The edges of molecular clouds: Fractal boundaries and density structure

E. Falgarone, T. G. Phillips, C. K. Walker

Research output: Contribution to journalArticlepeer-review

260 Scopus citations


This paper continues a discussion of the manifestations of the highly nonlinear physical equations underlying the dynamics of the dense interstellar medium. Previously, Falgarone and Phillips confirmed that the velocity field in non-star-forming regions could be explained as a turbulent phenomenon, showing the Kolmogorov scaling of velocity dispersion with spatial extent, and proposed that the excess of large velocity deviations (line wings stronger than predicted by a Gaussian distribution) corresponds to the fundamental property of turbulent flows called intermittency. In the present work we inspect the spatial structure of the dense medium. The observations of clouds at two different distances were carried out at high angular resolution using several transitions of the carbon monoxide molecule. Cloud edge regions were selected for the study to avoid the spatial crowding of emitting components, which obscures the structure of cloud cores. The selected regions include components from the line core and line wings of the parent complexes. We find that spatial structure exists on all scales down to our best angular resolution (0.02 pc) and that the emission arises from structures small compared to the telescope beam. Maps over a large range of scale sizes are self-similar suggesting a fractal structure. This is made quantitative by the use of the area-perimeter relation. A fractional value is found for the dimension parameter, D = 1.36 (with a formal error of ±0.02), in agreement with that found for atmospheric clouds and other interstellar clouds. An unexpected result is that this dimension is the same for the largest entities (∼100 pc) which are self-gravitating and the smallest (∼0.1 pc) which are not. It is also independent of the rotational transition of CO used to map the molecular gas. In addition, the intercept of the logarithmic perimeter-area relation scales with the resolution of the observations in accord with Mandelbrot's prediction for fractals. From the study of the 12CO (J = 3-2) and 12CO (J = 2-1) lines we find that the 12CO (J = 3-2)/12CO (J = 2-1) ratio remains constant at ∼0.55 over the whole range (about a factor of 10) of line intensities available in the maps. We interpret this as a signature of uniform excitation conditions for the CO rotational transitions, throughout the entire range of column densities. It is remarkable that the gas in the line wings cannot be distinguished from that in the line cores on the basis of this ratio. The 13CO/12CO ratios show that the 12CO (J = 2-1) optical depth has a typical value of ∼4. We argue that the 12CO (J = 3-2) emission is almost thermalized and the gas seen in this transition is quite dense (104 cm-3 or more for nH2) and cold (∼10 K). An estimate of the heating and cooling rates for these regions shows that the result is plausible. This fits with the overall framework of dense gas organized in a self-similar distribution of sizes continuing down to a threshold estimated to be smaller than 2000 AU. The dense molecular material is therefore very much non-space filling.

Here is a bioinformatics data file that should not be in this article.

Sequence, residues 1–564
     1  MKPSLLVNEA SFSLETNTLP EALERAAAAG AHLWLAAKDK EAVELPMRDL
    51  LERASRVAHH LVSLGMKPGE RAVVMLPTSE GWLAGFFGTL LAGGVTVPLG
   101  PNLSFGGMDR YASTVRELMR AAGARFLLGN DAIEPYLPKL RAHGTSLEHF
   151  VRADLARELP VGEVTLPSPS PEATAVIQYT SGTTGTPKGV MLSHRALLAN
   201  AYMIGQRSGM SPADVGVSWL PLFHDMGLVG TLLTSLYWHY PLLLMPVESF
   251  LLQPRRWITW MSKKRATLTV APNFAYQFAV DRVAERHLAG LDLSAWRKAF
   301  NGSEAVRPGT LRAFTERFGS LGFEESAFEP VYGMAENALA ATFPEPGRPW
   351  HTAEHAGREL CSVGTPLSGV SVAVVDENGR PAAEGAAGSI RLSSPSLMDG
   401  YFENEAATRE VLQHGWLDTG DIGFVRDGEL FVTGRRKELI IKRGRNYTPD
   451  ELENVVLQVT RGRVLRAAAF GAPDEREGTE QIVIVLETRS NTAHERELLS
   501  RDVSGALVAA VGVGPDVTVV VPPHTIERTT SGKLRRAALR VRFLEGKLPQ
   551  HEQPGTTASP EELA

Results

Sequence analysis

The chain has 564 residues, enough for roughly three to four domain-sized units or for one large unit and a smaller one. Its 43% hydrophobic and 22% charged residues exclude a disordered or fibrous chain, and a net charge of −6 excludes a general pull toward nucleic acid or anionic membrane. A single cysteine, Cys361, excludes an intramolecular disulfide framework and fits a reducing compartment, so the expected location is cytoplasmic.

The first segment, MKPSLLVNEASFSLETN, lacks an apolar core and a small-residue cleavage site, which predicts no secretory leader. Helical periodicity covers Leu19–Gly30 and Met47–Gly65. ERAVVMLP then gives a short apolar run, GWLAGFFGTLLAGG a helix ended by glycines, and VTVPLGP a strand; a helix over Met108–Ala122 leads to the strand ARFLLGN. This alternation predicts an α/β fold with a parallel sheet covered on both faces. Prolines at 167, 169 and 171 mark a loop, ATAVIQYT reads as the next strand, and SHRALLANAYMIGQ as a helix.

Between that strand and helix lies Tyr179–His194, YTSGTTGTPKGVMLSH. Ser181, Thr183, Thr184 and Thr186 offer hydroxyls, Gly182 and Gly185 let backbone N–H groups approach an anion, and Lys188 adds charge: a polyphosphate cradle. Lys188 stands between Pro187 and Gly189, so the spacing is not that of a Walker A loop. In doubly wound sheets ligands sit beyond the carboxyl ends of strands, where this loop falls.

Original languageEnglish (US)
Pages (from-to)186-201
Number of pages16
JournalAstrophysical Journal
Issue number1
StatePublished - Sep 1 1991


  • Interstellar: molecules
  • Nebulae: structure
  • Turbulence

ASJC Scopus subject areas

  • Astronomy and Astrophysics
  • Space and Planetary Science


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